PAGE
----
Prime Minister Manmohan Singh direly needed a fresh coat of Teflon amid a plethora of scams haunting his government. On Monday, he sought to acquire one with some political finesse and an air of conviction so typical of him. His offer to appear before Parliament’s Public Accounts Committee probing the CAG report on the 2G scam was meant to take the sting out of the Opposition’s demand for a Joint Parliament Committee (JPC). The move showed the PM as being accountable to Parliament — but not on terms set by the BJP and the Left.
Singh dismissed the BJP propaganda that he opposed a JPC because he wasn’t amenable to examination by a parliamentary panel.
“I’ve nothing to hide… and as a proof…I intend to write to the PAC Chairman (BJP’s Murli Manohar Joshi) that I shall be happy to appear before the committee if it chooses to ask me to do so,” the PM declared.
It was evident from first reactions from the opposite camp that the PM’s unilateral gesture didn’t cut ice with the BJP. The principal Opposition’s frontline leader, Arun Jaitley contrasted the PAC’s limited mandate of para-wise comments on the CAG report with the JPC’s vast scope and powers.
“There are questions even on the way the UPA-2 government was formed. Who chose the individual who came to hold the Telecom portfolio? Did industrialists and lobbyists play a role, ” he asked.
The UPA-Opposition hiatus on the issue might prolong the face-off till Parliament’s Budget Session. But optics seemed to favour the Congress with television channels “breaking news” of CBI summoning Raja and his lobbyist friend Niira Radia even as the PM spoke at the AICC plenary. He said no guilty person would be spared—whether he’s a political leader or a government official, whichever party he may belong to and howsoever powerful he may be.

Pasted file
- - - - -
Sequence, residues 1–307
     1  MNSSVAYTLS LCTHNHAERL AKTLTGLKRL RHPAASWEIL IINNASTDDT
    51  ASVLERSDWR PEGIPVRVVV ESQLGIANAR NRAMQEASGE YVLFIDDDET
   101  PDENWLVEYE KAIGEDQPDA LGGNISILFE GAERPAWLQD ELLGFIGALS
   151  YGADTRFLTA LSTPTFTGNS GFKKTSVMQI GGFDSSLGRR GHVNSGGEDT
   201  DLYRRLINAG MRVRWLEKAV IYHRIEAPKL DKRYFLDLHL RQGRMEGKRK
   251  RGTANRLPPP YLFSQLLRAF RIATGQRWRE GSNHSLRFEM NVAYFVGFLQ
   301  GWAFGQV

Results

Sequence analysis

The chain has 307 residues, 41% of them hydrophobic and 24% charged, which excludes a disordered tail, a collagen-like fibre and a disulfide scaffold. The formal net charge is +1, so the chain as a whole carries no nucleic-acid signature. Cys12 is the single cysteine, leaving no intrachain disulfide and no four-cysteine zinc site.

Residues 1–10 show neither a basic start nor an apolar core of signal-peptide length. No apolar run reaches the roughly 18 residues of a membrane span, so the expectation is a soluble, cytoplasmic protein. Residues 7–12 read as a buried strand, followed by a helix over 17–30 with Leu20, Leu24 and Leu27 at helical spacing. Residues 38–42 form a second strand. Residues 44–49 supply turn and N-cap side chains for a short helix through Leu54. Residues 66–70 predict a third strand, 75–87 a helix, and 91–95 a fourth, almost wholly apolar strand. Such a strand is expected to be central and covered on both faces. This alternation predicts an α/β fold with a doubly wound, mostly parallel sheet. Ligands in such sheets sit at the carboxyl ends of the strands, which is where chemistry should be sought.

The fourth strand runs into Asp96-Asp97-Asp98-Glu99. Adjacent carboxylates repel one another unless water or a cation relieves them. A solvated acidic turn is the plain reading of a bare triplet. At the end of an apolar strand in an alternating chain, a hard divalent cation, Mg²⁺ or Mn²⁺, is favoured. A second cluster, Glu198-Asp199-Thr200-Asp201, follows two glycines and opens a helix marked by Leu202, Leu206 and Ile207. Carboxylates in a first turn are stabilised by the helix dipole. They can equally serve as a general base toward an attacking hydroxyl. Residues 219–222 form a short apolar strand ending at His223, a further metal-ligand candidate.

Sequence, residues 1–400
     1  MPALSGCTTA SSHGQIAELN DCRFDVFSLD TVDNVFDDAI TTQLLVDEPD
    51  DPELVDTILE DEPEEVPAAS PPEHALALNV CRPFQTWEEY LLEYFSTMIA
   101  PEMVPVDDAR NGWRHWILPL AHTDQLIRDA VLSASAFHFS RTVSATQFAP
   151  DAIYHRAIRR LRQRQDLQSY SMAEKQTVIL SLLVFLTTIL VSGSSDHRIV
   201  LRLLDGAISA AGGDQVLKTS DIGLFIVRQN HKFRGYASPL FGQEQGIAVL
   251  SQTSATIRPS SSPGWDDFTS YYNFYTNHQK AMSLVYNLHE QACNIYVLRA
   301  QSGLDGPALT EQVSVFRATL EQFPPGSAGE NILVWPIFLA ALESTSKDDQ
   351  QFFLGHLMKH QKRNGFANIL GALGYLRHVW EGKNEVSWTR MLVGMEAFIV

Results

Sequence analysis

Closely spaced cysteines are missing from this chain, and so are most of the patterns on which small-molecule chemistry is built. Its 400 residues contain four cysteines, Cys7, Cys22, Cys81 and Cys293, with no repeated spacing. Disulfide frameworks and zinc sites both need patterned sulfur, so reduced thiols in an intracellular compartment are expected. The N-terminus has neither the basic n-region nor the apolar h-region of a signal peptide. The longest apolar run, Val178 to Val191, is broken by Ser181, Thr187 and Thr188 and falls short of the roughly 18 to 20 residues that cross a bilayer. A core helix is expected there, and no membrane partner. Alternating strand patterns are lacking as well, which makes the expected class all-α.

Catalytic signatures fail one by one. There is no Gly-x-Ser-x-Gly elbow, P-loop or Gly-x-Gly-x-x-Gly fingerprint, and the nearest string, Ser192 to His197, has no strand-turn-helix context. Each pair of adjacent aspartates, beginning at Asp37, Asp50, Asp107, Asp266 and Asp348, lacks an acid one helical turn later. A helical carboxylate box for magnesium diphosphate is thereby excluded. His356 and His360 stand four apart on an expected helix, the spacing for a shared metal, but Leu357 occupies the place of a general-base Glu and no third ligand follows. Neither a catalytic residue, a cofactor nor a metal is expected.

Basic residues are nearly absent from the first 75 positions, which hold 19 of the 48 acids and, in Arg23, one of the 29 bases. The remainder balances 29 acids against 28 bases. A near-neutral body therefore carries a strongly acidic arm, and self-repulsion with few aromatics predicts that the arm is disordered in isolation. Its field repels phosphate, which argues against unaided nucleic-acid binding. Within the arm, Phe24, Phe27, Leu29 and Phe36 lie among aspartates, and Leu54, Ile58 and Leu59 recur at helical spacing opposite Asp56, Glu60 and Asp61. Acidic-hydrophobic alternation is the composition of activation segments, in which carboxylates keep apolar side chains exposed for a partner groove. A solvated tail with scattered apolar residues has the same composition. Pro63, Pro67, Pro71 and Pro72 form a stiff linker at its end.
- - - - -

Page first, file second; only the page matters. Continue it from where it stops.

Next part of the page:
One can’t really grudge the Opposition marching to its own drumbeats. The battle is perceptional. The Congress’s only hope is in keeping its UPA flock together while matching words with action.
A quick follow-up on Sonia Gandhi’s six-point action plan to battle corruption could help capture popular imagination. The PM has promised action on it. But much depends on early initiatives by CMs of Congress ruled States to give up discretionary powers to allot land and ensure transparency in contracts/procurements.
“The trick is in setting the agenda for fighting corruption. We’d do it our own way, not on terms dictated by the Opposition,” remarked a Congress leader. He agreed that Sonia’s call for time-bound closure of corruption cases must start with ongoing probes into the CWG-Telecom scandals.
That’ll build pressure on the BJP to explain the scam-tainted Karnataka CM YS Yeddyurappa’s continuation in office. The Opposition unity will crack once terrorist cases involving RSS activists are fast-tracked and convictions secured, averred a government source.
He said the explaining then would have to be done by the BJP that has resorted to relative silence on the Sangh fountainhead’s retributive terror. A realistic scenario this or a case merely of wishes being horses and beggars riding? The Congress is banking clearly on Singh’s urban middle-class constituency to rise in his defense— just as it did in the 2009 polls when the BJP ridiculed him as a weak Premier.